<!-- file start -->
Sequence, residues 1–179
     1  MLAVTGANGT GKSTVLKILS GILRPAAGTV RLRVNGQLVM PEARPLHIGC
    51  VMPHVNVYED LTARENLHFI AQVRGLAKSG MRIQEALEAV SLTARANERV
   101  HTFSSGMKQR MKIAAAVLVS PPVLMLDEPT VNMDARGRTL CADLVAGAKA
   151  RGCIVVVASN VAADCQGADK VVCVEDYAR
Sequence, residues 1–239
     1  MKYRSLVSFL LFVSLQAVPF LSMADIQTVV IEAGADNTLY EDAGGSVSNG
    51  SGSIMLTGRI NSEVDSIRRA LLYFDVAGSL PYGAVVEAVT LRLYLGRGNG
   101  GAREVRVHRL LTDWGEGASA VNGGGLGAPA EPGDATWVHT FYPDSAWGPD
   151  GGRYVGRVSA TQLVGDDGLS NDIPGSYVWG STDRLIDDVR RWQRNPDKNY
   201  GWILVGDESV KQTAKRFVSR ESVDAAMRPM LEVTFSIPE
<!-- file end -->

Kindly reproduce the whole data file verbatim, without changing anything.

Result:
Sequence, residues 1–179
     1  MLAVTGANGT GKSTVLKILS GILRPAAGTV RLRVNGQLVM PEARPLHIGC
    51  VMPHVNVYED LTARENLHFI AQVRGLAKSG MRIQEALEAV SLTARANERV
   101  HTFSSGMKQR MKIAAAVLVS PPVLMLDEPT VNMDARGRTL CADLVAGAKA
   151  RGCIVVVASN VAADCQGADK VVCVEDYAR
Sequence, residues 1–239
     1  MKYRSLVSFL LFVSLQAVPF LSMADIQTVV IEAGADNTLY EDAGGSVSNG
    51  SGSIMLTGRI NSEVDSIRRA LLYFDVAGSL PYGAVVEAVT LRLYLGRGNG
   101  GAREVRVHRL LTDWGEGASA VNGGGLGAPA EPGDATWVHT FYPDSAWGPD
   151  GGRYVGRVSA TQLVGDDGLS NDIPGSYVWG STDRLIDDVR RWQRNPDKNY
   201  GWILVGDESV KQTAKRFVSR ESVDAAMRPM LEVTFSIPE